Two departments have to explain in court why former Blesbokfontein workers and their children spent two nights with in the open following an eviction. Pictures Ayanda Ndamane/African/news/agency ANA
Two departments have to explain in court why former Blesbokfontein workers and their children spent two nights with in the open following an eviction. Pictures Ayanda Ndamane/African/news/agency ANA

State to explain in court how farmworkers were evicted without alternative housing

By Bongani Nkosi Time of article published Apr 21, 2021

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Johannesburg - The tables are turning against the government in a court case pursued on behalf of 13 former farmworkers evicted with their families and belongings from a farm in Ventersdorp.

The Department of Rural Development and Land Reform and the JB Marks Local Municipality face being slapped with costly court orders after the Blesbokfontein farm evictions.

The two government entities have been ordered to be present at the Land Claims Court to explain how farmworkers were evicted without alternative accommodation.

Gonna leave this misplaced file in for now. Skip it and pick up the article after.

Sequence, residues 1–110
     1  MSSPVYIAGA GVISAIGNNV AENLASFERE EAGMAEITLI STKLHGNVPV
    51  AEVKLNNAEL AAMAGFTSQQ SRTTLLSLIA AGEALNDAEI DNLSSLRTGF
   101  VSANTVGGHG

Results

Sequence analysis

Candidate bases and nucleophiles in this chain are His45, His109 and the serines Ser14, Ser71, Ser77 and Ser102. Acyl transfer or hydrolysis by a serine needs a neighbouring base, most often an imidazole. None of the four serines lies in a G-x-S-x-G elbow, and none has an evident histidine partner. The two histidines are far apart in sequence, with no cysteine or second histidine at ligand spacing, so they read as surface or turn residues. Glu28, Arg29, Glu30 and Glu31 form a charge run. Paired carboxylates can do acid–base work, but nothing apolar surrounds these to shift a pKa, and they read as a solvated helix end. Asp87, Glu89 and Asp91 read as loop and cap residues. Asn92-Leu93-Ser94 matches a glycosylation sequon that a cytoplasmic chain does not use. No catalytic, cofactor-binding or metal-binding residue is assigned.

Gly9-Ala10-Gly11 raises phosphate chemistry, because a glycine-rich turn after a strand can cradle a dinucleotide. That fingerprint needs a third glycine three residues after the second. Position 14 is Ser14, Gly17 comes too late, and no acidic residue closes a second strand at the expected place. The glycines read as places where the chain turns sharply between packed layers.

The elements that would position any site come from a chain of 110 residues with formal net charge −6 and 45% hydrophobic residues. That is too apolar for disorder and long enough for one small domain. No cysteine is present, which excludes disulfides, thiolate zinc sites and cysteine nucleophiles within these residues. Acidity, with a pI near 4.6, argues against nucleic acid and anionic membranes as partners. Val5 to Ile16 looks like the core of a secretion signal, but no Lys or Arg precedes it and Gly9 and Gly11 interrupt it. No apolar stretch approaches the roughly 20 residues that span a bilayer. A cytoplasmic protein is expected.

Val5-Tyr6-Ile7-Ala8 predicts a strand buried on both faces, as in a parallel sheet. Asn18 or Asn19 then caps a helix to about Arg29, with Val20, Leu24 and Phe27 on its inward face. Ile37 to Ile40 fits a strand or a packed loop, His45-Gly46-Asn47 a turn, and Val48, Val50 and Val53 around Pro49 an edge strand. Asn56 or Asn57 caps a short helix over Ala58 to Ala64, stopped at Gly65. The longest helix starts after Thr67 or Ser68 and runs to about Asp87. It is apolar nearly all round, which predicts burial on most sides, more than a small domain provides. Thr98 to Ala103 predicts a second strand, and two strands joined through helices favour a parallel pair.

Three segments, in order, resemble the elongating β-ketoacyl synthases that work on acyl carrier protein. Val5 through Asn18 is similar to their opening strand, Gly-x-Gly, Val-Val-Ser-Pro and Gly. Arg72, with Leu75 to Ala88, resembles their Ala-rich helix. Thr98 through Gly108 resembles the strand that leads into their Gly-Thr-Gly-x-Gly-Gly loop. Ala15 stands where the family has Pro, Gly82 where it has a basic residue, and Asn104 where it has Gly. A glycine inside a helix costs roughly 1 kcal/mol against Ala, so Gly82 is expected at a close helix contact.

Tsakane Julius Moeketsi and fellow former Blesbokfontein workers spent two nights with their children and belongings in the open last week following the eviction.

They were evicted by company Bau-La-Mont Landgoed, Natasja Roodt, Daniel Joubert and Elizabeth Pretorius.

The company and individuals had links to the farm’s deceased lessee, who employed the evicted ex-farmworkers.

They obtained the eviction order under the Extension of Security of Tenure Act (ESTA), a piece of legislation that protected residency rights of workers on land they had occupied for 10 years.

ESTA stipulates people have right of residence on land they have occupied as workers for 10 years, provided they are 60 or can no longer work due to ill health, injury or disability.

Goabusi Jan Seleke, 64, had worked and stayed on the farm since 1977. Most of his colleagues arrived in the 1990s and 2000s.

Bau-La-Mont Landgoed, Roodt, Joubert and Pretorius acted to remove the former workers from the farm on the ground they were no longer employees. The farmworkers contested their axing from employment.

They were not represented in the eviction proceedings, a point the Lawyers for Human Rights (LHR) found unjust. Louise du Plessis, attorney at LHR, said the Department of Rural Development and Land Reform was obligated to obtain lawyers for workers facing evictions.

The Star

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